The difference a year can make
I had stopped posting for about 10 months. Just got too busy with my new job.
Before that, I had been blogging for about a year, almost daily. I had built a readership of about 500 readers a week. My most popular post, ‘how to have a successful career in advertising‘, culminated at about 5000 views. But they were mainly due to the now defunct Scamp linking to my blog. God knows how many visitors he was getting daily!
But the point is, a year ago, most of my traffic was coming from other blogs linking to mine and from my readership (through Netvibe, Feeds and Google reader), and the odd forward email.
After a year, I thought I’d have pretty much lost everyone who used to read the blog, apart from a handful of people who would have forgotten to delete my blog from their RSS aggregator.
I wrote the post ‘the end of the road for digital agencies‘ just to see if it’d get picked up. It didn’t. So I decided to spam my virtual friends, and shared it on Facebook, as probably half of the people I know work in advertising and digital. That would be about 150.
So that got picked up by a few people and the blog ended up with about 300 views, which I thought as rather encouraging. Even though I could see that it only did a few rounds in some digital agencies in London that I must have annoyed.
I reiterated the same process for the last post ‘10 things to do for digital agencies‘. But something happened. From my Facebook friends, in a matter of minutes, itwas first picked up by http://twitter.com/fruchter, whom I don’t know. But he’s got a good following on Twitter. And then somehow ended on Ben Shaw‘s twitter feeds. And then bang it was gone.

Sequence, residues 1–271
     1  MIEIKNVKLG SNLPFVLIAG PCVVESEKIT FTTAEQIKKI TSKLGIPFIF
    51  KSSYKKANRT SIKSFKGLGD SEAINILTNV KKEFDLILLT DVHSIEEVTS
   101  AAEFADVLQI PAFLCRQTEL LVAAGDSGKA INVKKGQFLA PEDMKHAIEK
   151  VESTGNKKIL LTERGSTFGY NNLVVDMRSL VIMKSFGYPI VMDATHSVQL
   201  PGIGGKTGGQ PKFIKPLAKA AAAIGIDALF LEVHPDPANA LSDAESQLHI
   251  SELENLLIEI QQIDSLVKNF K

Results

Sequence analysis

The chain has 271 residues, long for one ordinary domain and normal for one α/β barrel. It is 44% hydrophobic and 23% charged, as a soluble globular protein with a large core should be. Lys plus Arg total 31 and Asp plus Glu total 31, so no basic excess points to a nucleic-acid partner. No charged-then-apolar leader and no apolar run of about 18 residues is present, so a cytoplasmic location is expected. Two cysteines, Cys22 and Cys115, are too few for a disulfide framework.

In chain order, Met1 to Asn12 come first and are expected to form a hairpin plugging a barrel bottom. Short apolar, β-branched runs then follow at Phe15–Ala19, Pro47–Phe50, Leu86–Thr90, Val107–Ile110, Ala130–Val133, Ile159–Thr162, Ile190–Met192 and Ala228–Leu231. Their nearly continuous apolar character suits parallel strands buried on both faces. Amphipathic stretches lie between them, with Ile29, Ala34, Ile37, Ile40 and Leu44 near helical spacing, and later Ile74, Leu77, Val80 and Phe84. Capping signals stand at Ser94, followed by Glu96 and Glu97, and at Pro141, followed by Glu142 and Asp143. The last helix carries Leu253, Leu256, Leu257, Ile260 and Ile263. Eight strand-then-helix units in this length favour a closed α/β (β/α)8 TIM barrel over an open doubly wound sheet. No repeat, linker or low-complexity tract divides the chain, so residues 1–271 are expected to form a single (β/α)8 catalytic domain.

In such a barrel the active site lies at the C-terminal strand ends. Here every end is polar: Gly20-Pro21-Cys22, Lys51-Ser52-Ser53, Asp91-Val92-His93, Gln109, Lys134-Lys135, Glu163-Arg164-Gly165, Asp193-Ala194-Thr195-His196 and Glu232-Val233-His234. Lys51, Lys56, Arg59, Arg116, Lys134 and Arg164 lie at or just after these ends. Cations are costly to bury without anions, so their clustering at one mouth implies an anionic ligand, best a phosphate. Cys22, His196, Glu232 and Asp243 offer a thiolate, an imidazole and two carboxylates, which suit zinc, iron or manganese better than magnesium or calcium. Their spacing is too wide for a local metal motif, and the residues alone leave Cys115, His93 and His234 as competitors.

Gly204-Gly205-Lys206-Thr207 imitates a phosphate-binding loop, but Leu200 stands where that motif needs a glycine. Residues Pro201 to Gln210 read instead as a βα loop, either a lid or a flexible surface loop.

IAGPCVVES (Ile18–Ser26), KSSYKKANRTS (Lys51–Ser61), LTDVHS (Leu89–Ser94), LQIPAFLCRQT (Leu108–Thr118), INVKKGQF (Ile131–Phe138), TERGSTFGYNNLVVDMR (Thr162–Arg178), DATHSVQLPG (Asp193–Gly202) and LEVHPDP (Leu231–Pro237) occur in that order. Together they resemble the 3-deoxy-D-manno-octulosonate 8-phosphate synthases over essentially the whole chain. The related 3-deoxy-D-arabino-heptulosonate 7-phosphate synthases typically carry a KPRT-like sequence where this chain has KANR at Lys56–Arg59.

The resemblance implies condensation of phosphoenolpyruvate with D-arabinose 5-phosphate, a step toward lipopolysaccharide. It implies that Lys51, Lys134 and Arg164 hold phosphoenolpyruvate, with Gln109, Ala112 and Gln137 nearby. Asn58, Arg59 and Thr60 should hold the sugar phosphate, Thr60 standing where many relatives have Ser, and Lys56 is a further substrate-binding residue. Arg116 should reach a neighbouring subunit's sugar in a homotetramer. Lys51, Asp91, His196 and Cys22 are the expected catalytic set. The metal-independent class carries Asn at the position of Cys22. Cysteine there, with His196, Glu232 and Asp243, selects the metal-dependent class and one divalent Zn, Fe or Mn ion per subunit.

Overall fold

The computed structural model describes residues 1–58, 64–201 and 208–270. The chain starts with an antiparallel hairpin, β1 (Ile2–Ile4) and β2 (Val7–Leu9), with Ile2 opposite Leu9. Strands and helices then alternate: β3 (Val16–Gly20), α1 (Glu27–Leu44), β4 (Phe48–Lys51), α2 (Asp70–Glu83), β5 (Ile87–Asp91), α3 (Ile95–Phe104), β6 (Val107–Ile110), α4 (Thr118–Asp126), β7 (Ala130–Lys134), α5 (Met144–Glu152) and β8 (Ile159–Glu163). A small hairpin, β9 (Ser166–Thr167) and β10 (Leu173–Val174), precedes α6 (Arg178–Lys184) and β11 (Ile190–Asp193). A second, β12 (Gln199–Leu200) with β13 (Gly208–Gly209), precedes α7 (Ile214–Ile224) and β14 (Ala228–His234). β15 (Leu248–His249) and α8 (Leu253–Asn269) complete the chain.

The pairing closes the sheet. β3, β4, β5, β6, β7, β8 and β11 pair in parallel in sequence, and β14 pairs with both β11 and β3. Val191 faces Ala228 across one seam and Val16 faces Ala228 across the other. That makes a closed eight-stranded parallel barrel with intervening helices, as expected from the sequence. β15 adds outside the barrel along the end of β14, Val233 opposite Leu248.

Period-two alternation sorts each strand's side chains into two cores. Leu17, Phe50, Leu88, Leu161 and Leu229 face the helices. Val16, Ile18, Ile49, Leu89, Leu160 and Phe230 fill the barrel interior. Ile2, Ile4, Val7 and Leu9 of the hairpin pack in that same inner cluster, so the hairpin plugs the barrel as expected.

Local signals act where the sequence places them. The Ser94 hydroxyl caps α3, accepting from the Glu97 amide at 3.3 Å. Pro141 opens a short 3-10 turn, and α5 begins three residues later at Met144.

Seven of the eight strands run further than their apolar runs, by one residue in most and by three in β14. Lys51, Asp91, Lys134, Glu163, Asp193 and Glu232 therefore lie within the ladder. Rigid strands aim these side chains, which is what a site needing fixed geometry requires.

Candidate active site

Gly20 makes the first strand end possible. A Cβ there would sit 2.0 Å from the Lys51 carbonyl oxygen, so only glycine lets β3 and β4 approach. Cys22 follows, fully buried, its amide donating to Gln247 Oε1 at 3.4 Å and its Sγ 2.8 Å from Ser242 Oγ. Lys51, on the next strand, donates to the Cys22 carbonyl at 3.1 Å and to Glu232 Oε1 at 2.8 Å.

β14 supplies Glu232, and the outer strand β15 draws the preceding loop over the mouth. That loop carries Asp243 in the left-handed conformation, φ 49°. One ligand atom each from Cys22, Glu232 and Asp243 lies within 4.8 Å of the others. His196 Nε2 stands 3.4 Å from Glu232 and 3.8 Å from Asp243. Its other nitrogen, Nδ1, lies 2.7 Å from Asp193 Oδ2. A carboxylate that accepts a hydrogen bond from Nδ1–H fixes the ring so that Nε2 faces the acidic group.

3 business days later, the post has been read by 1,600 people, as of Monday evening.
50% of that traffic came directly from the first 4-5 people who were first to picked it up, but then created a second, bigger wave of twitter feeds.
I’d say out of that, 30% was indirect traffic coming from Twitter, people finding it in Twitter and passing it on. It is quite interesting to follow how people were sometimes adding some variations to the headline to make it more punchy:
’10 things digital agencies should be doing‘,
’10 things all digital agencies should be doing ‘
’10 things all digital agencies should be doing – right now!’
I find it fascinating to look at how it has spread from one tweet to another, from one country to another. The chronogical history of who spread the tweets reveals different spheres of influence.
So it must have stroke a chord with our digital audience. But strangely, overall only 2 blogs linked to it, and drove minimal traffic to the post. Barely no one bothered to link to it from a website anymore. They were all tweeting it.
About 5% of the traffic came from Facebook, but other than my link update. [I know that doesn’t make 100%. I’m leaving room for error.]
And now after these glorious three days and some very nice comments, I’m witnessing the post slow death into the digital abyss.
Without Twitter, this post wouldn’t have reached the usual couple of hundreds.There wouldn’t have been a tool out there for people to spread it so easilyand rapidly.
Watching it rise and decline in a matter of hours was strangely addictive. No big insight here, just wanted to share what was to me a new discovery with you, dear anonymous reader. Not twitter, of course, but the fact that people would actually tweet my ugly, long, badly written, wordy post, that did not include any ground breaking augmented reality business card thingy or the new HD trailer of Tron. I was incredibly surprised by its power.
I hear a lot of power moaning that Twitter is becoming a link sharing facility, no more mood updates as it was supposed to be and what it had been originally build for. But as William Gibson said, “The street finds its own uses for things.” And I personally think this is where its future’s at.
I’m going on holiday as of the end of the week.